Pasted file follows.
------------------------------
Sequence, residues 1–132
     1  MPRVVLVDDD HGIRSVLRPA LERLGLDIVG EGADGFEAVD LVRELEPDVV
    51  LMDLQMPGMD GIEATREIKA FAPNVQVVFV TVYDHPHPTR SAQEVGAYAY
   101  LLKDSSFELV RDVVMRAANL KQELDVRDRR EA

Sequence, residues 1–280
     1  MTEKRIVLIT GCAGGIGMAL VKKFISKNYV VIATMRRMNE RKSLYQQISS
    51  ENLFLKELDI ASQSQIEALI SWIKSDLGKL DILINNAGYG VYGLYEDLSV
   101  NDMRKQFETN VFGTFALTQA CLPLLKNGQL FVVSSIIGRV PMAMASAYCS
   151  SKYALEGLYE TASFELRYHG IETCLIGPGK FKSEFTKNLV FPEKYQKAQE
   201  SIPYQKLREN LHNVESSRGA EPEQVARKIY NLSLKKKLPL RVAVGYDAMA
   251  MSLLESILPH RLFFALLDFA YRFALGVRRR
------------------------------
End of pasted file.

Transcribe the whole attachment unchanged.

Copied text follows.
Sequence, residues 1–132
     1  MPRVVLVDDD HGIRSVLRPA LERLGLDIVG EGADGFEAVD LVRELEPDVV
    51  LMDLQMPGMD GIEATREIKA FAPNVQVVFV TVYDHPHPTR SAQEVGAYAY
   101  LLKDSSFELV RDVVMRAANL KQELDVRDRR EA

Sequence, residues 1–280
     1  MTEKRIVLIT GCAGGIGMAL VKKFISKNYV VIATMRRMNE RKSLYQQISS
    51  ENLFLKELDI ASQSQIEALI SWIKSDLGKL DILINNAGYG VYGLYEDLSV
   101  NDMRKQFETN VFGTFALTQA CLPLLKNGQL FVVSSIIGRV PMAMASAYCS
   151  SKYALEGLYE TASFELRYHG IETCLIGPGK FKSEFTKNLV FPEKYQKAQE
   201  SIPYQKLREN LHNVESSRGA EPEQVARKIY NLSLKKKLPL RVAVGYDAMA
   251  MSLLESILPH RLFFALLDFA YRFALGVRRR